By Zaina Dali
By Zaina Dali
Rabat- One student reflects on citizen responsibility and taking initiative at the 1st International Conference on Education Quality.
As I walked up to the stage and took a seat on the Student Ambassadors Scheme roundtable discussion during the 1st edition of the International Conference on Education Quality, I looked at the audience and saw the keynote speakers, professors, researchers, government stakeholders, and students. At that moment, I thought to myself: “This isn’t merely a conference where students hear what older people have to say about us and to us, but a celebration of young people and an acknowledgement of the crucial role we play in the betterment of quality in education.”
Being on stage gave me and other student ambassadors the power to speak our minds and talk about issues in education that matter to us. Over the course of the conference, we discussed issues like overcrowded classes in higher education, special needs education, the privatization of education, infrastructure, job market needs, student orientation, and unemployment. However, the highlight of this experience was that we knew that we were heard and that the audience now knows what students are really capable of.
In many conferences and gatherings, the attention seems to be more focused on who’s to be blamed for the situation that education has reached. Students blame universities for lack of orientation, universities blame professors for lack of commitment, and the government is blamed for everything. While throwing the blame on others may make us feel less guilty, it doesn’t make us any less responsible.
As a young Moroccan woman, I seize any opportunity I see to make a positive social change and make my voice heard concerning what matters to me and the youth of my community. Morocco has a large youth population, but it is far away from tapping into our potential and developing the quality of education that we deserve. Moreover, I believe that if young people do not take initiatives to be part of this development, if we wait for governments to act, we are doomed to another century of low education quality. I am very passionate about education, and I believe that quality in education can only be a reality when all members of the community work together to assure that the present and future generations receive an education that expands their parameters of thinking, trains them on solving real-life issues, and empowers them to be of benefit to themselves and their country. As former US President John F. Kennedy put it: “Ask not what your country can do for you, ask what you can do for your country.”
I do not want to be an insignificant member in my society, and I do not want to participate in any event about education that is like a graveyard: we cry and mourn, wipe our tears, go back to our normal lives, and have some tea. That is why, back in October 2017, when I saw a poster about the International Conference on Education Quality 2018 and read the description, I knew that something great was coming and I wanted to be part of it. I immediately started exploring how I could get involved.
I emailed the organizing committee of the ICEQ 2018, expressing my interest in volunteering to help in any way I can. To my surprise, I receive an immediate response from the co-chair and president of the scientific committee of the conference, Dr. Mustapha Aabi, inviting me to attend the first meeting of the newly-established Student Ambassadors Scheme for the conference.Dr. Aabi was very supportive; he trusted our capacity and believed in the work that students can put into the success of the conference. This was shown through the tasks that he delegated it to us: I had to send emails to the participants and speakers of the conference, manage the conference social media accounts, and get involved in public relations, in addition to translating documents. He and Dr. Caroline Jones, the conference co-chair, and Professor Abdelaziz Bendou, the conference chair, have been our mentors since we started conference preparations. They guided us through the whole process, and most importantly, they believed in our potential.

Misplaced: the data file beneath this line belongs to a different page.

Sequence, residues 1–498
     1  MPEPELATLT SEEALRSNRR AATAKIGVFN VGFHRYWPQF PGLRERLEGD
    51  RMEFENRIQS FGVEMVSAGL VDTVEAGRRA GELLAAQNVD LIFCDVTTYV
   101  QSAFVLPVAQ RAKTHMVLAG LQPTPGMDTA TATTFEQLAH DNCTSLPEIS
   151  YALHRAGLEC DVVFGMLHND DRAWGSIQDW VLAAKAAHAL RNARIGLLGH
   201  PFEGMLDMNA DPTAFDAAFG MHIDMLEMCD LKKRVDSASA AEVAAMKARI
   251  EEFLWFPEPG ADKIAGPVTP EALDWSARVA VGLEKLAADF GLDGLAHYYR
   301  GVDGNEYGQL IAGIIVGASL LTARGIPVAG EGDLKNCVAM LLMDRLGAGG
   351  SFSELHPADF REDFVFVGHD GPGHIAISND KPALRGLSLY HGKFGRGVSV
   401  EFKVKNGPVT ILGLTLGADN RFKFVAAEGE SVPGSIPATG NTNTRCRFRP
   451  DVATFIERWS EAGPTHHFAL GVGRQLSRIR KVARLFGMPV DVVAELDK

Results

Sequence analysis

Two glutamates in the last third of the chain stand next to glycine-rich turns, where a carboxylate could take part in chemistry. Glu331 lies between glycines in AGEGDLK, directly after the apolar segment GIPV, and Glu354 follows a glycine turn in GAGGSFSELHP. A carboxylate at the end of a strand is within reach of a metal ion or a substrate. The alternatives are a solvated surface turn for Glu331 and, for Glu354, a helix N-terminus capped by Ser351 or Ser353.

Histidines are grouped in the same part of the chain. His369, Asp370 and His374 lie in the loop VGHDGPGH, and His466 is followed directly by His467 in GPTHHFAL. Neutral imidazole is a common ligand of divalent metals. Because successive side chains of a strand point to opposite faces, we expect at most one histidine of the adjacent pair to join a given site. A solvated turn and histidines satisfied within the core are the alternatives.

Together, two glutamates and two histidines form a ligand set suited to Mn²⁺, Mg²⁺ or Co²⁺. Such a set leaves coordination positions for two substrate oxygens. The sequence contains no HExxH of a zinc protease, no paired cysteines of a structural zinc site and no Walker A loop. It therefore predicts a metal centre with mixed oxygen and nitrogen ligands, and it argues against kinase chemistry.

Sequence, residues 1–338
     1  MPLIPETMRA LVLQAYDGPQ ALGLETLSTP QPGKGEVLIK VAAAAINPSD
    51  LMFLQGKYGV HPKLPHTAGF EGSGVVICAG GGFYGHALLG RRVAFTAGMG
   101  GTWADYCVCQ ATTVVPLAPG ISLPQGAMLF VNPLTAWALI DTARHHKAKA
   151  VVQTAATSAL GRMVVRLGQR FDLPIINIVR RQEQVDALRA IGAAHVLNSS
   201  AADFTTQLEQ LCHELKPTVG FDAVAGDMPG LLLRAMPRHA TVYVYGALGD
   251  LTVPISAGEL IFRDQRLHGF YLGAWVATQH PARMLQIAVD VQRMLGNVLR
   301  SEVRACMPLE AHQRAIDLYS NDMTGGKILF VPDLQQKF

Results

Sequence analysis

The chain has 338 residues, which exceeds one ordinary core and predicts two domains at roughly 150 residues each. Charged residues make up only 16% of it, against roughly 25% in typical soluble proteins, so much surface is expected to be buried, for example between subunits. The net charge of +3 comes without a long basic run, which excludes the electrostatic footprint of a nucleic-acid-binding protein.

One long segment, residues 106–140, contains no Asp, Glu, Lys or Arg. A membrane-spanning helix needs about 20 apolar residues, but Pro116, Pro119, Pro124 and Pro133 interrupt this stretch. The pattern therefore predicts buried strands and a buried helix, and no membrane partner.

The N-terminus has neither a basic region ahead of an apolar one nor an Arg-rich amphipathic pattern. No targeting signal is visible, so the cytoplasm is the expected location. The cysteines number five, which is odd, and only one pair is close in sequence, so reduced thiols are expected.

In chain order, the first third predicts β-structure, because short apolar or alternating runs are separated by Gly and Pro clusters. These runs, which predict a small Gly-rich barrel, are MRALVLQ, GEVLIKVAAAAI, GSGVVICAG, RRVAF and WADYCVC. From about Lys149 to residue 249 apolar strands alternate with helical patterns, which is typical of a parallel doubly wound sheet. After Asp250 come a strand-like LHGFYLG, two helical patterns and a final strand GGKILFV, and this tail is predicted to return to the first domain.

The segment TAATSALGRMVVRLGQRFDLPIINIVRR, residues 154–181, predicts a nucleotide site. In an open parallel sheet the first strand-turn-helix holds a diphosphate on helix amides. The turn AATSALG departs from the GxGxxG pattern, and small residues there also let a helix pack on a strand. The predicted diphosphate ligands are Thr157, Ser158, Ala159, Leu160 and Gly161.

The conference participants were impressed by the Student Ambassadors Scheme roundtable discussion and many of them gave us very positive feedback. This was an occasion for us, the students, to show stakeholders and people in higher positions that we have a perspective to share, a voice to be heard, that we are committed, and we can be trusted with the present and future of education in our country. Moroccan young people have a voice, and we deserve to be heard.
I am a product of public education in Morocco: I’ve studied my whole life in Moroccan public schools, and I also went to a public university. I value the education I received in Morocco, and I believe that without it, I would not have reached the level that I have achieved today. After university, I benefited from a scholarship to participate in a cultural and educational exchange program in the United States. All of these experiences made me more aware of my role as a citizen in my society, as well as my role as a university student. In addition, I realized that education in Morocco has its strengths, but it is not yet where it needs to be. The solution is not necessarily to look outside our borders for answers, but rather, the solution is within our nation and resides in our people. We need to invest in students, teachers, and research for higher quality education.